The Beats by Dr Dre headphones haven't be around for long but, as our review clearly points out, it's a big contender in the world of ear cans. Not only will we be seeing a Beats by Dr Dre store in the near future, but the recent tie-up with smartphone makers HTC, seen in our HTC Sensation XL with Beats by Dr Dre review, is testament to their burgeoning power.
And if that wasn't enough, Monster Beats by Dr Dre, one of the earlier models, even won T3's 2011 Music Gadget of the Year Award.
Whether you're listening to NWA's Straight Outta Compton or Jedward's Planet Jedward, Dr Dre's Beats by Dre headphones have become the premium brand headphones to be seen with in public.
From Premier League footballers to the teenagers who hang outside our local branch of Lidl - everyone wears them. And now they're wireless. That's a great thing, right?
Well... these new cable free cans connect to any music playing device via Bluetooth, something that can cause a dip in audio quality compared to going wireless via WiFi or say Apple's AirPlay for iTunes.
Nevertheless, Bluetooth remains the most practical option and Dre's team are promising the quality Beats are known for has not been compromised.
Beats by Dr Dre Wireless: Build quality
Smaller than the "classic" Beats Studio range that Beats By Dre have built their reputation upon, the Beats Wireless is essentially a tweaked pair of their smaller Solo 'phones.
They're slightly weighty due to the batteries, controls, Bluetooth tech, and microphone built inside, but it's a good weight for the size of the product.
It feels right in your hand, on your head, and crucially around your neck (where most people seem to wear Beats). The squishy ear pads, and smoothly folding arms add to the general feel that this is definitely a high end product.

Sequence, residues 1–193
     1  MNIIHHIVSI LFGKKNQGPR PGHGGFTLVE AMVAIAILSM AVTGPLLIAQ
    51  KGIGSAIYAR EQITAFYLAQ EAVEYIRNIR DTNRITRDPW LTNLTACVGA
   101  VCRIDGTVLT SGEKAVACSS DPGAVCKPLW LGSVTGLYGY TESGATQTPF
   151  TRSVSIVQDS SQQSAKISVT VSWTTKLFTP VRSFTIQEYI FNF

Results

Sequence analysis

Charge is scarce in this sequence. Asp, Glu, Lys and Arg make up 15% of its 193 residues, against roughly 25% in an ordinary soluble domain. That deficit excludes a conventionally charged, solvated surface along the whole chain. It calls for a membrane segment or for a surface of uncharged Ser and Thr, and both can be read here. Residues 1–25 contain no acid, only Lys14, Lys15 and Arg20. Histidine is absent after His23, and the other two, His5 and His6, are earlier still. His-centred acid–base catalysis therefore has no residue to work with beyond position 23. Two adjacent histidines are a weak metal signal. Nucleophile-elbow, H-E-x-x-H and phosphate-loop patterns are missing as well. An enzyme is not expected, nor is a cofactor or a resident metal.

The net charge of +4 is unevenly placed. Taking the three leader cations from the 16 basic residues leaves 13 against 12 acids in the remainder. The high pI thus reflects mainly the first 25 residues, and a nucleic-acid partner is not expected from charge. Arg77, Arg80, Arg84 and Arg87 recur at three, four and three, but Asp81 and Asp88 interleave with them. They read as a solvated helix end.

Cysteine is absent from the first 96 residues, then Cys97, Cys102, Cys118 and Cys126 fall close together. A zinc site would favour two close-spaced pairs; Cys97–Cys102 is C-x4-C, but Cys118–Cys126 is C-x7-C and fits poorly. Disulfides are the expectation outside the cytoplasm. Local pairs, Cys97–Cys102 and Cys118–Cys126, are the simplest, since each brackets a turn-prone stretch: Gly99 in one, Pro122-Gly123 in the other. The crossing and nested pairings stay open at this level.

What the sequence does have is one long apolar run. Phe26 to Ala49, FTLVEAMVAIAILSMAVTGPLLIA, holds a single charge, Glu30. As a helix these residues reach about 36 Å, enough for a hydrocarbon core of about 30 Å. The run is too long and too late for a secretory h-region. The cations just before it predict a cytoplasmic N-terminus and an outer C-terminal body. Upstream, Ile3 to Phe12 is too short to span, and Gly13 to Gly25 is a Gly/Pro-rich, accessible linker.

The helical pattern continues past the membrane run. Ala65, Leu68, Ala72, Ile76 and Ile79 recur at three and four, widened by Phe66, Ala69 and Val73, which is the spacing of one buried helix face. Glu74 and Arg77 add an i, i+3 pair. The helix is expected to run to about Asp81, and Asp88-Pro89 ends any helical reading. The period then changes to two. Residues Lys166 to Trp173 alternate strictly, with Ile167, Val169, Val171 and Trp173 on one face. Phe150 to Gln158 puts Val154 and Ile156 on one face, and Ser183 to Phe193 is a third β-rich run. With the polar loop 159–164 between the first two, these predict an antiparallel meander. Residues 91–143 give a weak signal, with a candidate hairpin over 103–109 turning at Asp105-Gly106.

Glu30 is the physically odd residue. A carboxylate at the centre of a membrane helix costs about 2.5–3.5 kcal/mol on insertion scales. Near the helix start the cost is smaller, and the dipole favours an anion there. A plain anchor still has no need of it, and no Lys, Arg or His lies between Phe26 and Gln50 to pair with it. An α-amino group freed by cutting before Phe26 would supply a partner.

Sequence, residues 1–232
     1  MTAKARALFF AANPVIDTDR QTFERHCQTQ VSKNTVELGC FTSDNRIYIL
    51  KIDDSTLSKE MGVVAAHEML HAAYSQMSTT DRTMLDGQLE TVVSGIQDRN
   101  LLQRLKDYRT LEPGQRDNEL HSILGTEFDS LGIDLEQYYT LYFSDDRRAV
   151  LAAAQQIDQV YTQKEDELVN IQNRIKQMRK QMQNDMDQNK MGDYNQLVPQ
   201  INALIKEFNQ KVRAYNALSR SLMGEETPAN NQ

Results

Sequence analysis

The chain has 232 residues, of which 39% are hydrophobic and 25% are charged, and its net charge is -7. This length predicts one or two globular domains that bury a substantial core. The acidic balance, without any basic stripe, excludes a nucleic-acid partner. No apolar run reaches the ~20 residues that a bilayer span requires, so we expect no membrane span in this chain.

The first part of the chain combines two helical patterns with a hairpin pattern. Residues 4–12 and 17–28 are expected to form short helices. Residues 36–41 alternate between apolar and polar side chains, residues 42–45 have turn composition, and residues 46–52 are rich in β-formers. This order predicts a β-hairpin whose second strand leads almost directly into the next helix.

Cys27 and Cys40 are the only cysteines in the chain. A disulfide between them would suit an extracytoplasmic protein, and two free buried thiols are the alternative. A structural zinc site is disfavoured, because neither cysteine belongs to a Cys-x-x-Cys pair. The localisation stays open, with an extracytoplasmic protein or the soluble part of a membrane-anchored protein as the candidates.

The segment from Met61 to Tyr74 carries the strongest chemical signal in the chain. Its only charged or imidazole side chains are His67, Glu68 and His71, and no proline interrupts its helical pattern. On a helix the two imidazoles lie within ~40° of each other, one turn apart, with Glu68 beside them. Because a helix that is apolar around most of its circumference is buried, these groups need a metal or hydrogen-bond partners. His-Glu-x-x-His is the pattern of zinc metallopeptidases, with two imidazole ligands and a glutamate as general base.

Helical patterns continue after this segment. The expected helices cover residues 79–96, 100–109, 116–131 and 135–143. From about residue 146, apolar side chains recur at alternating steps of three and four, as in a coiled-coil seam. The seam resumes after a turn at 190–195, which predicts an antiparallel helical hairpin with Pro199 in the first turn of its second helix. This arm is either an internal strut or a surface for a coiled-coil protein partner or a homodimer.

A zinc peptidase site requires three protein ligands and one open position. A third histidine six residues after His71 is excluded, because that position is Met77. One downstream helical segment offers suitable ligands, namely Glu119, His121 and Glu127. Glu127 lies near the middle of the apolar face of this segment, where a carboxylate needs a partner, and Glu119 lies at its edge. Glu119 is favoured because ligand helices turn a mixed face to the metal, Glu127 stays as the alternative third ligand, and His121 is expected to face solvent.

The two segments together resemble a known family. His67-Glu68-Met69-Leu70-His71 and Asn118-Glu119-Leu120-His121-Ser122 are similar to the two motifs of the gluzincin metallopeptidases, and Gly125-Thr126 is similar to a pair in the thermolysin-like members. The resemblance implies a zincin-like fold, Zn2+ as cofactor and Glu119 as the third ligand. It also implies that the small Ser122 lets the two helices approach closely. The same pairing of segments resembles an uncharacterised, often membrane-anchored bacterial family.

Beats by Dr Dre Wireless: Style
Even if you hate Dre (yes Ice Cube, we're talking to you here) you cannot deny that these new headphones look pretty damned beautiful. At a time when Beats have launched some neon coloured Studio headphones, these are gloriously black, minimalistic, with more curves than a zero.
All the class of the Solo, with ear cup controls that are thankfully barely visible. The controls being as they are may make the headphones fiddly to use for some, but let's face it you're not looking at the buttons whilst they're on your ears anyway. Unless you're some kind of weird lizard or owl.
Beats by Dr Dre Wireless: In use
The built in Bluetooth technology wirelessly connects to your smart phone, tablet, laptop, PC, whatever. It does this with absolutely no fuss - our pair connected to our iPhone and started playing music without us even asking it to.
Managing the volume, skipping tracks, and answering phone calls is all managed directly from the ear cups, which could take some getting use to.
For a while you might be taking the cups off to remember what button does what, but that time will pass quickly enough.
Recharging via a USB is simple and fuss free, and the quality of audio meanwhile is simply excellent despite our fears over what the Bluetooth might do to it. If we're being pernickety, we'd say it's perhaps a little bassy, but there's little distortion and the sound is anything but flat.
Beats by Dr Dre Wireless: Verdict
A UK price tag has yet to be confirmed, but they'll no doubt be in line with other Beats prices (AKA not cheap). As with all 'phones however you pay for what you get, and Beats Wireless ooze quality, crucially in the key areas of audio performance and style.
Hell, even the way they fold up feels so right. If it's priced sensibly, this could be one of the must have audio products of 2012.
Beats Wireless availability: later this year for purchase exclusively at Apple stores.
Beats Wireless price: TBC (US $279)